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Fracking’s expensive toxic water problem

The process of hydraulically fracturing shale rock in order to recover oil and gas depends upon access to vast quantities of water.  Fracturing a single well can involve pumping as much as six million gallons of water – together with toxic fracking fluids (the exact content of which is considered a trade secret) – into a single well.  This, in and of itself, creates problems for UK frackers who will need to tap into the public water supply – something unlikely to go down well on the eastern side of the British Isles where drought and hosepipe bans are a common feature of the summer months.

However, an even greater problem results from the need to safely dispose of the waste water – up to 2.5 million gallons per well – that returns to the surface.  In the USA, fracking companies have been allowed to leave the waste in large storage ponds.  This would not be allowed in the UK because of our more stringent environmental regulations.  This poses the fracking industry with a potentially show-stopping conundrum – how to dispose of all of the toxic waste?

The apparent answer, according to Andy Rowell at the Guardian, is to dump it in the sea:

“In an email sent in March to a resident in Ryedale district, North Yorkshire, where councillors gave the go-ahead to a fracking application by another company in May, a senior [Ineos]executive said that water produced during fracking could be discharged in the sea after being treated. It has not previously said where treated water would be released.”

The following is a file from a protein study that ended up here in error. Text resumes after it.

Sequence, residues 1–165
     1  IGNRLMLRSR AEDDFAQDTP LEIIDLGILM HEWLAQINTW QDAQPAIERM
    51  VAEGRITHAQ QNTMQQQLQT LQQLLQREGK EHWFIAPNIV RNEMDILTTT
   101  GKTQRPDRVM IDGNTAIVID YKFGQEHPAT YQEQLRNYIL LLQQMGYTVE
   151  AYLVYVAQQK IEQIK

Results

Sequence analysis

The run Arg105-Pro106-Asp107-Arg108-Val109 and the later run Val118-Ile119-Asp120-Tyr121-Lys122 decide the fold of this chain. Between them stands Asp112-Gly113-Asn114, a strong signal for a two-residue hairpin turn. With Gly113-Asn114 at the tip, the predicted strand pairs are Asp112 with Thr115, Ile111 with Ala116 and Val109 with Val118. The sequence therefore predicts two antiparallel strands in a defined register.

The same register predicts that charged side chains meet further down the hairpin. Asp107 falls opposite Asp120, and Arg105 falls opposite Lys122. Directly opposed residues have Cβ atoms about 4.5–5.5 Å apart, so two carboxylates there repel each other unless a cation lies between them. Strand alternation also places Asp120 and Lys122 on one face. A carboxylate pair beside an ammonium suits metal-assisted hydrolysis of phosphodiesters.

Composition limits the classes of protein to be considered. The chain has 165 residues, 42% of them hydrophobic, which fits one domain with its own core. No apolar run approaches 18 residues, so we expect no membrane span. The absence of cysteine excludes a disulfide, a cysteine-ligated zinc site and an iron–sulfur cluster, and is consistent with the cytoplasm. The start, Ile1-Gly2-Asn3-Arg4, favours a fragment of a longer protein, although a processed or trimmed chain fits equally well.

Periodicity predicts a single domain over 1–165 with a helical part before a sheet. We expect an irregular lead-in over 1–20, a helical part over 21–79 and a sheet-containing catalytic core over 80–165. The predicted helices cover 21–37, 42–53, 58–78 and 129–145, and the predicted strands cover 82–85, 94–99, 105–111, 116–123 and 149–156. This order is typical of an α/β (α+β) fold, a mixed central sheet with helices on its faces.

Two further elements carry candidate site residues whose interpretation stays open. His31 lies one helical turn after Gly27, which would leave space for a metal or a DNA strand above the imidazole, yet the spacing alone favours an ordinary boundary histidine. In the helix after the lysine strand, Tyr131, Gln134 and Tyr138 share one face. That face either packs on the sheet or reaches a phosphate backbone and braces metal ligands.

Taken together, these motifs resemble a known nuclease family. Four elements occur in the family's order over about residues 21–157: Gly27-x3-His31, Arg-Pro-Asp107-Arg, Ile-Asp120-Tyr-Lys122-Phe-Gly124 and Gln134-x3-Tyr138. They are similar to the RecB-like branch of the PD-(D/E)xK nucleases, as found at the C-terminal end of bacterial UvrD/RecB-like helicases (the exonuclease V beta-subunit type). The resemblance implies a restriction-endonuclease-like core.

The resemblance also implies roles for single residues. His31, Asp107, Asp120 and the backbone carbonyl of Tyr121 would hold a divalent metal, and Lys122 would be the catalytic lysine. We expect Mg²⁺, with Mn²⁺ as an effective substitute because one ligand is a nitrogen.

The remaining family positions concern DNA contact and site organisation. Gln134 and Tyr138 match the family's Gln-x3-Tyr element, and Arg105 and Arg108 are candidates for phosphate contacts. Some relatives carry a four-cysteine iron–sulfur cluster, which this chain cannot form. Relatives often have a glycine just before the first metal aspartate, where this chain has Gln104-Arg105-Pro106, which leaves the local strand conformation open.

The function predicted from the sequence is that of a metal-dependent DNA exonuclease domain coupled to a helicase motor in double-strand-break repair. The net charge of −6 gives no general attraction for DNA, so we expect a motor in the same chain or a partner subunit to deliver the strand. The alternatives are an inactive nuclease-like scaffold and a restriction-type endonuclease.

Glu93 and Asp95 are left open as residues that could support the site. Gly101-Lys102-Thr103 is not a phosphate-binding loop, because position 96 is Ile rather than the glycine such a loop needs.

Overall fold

The assumption is that existing public treatment facilities will be able to process the billions of gallons of toxic waste that a profitable shale industry would inevitably produce.  However, according to Elizabeth Ouzts and Rachel Richardson at Environment America, faced with the same problem:

“The U.S. Environmental Protection Agency has banned fracking wastewater from public sewage plants, citing the inability of these plants to handle toxic and radioactive pollutants.”

It is unlikely that British treatment plants will be in a better position to handle the toxic waste from fracking operations.  So fracking companies will have to pay to treat their own waste – another enormous cost for an industry that is already incapable of operating at a profit.

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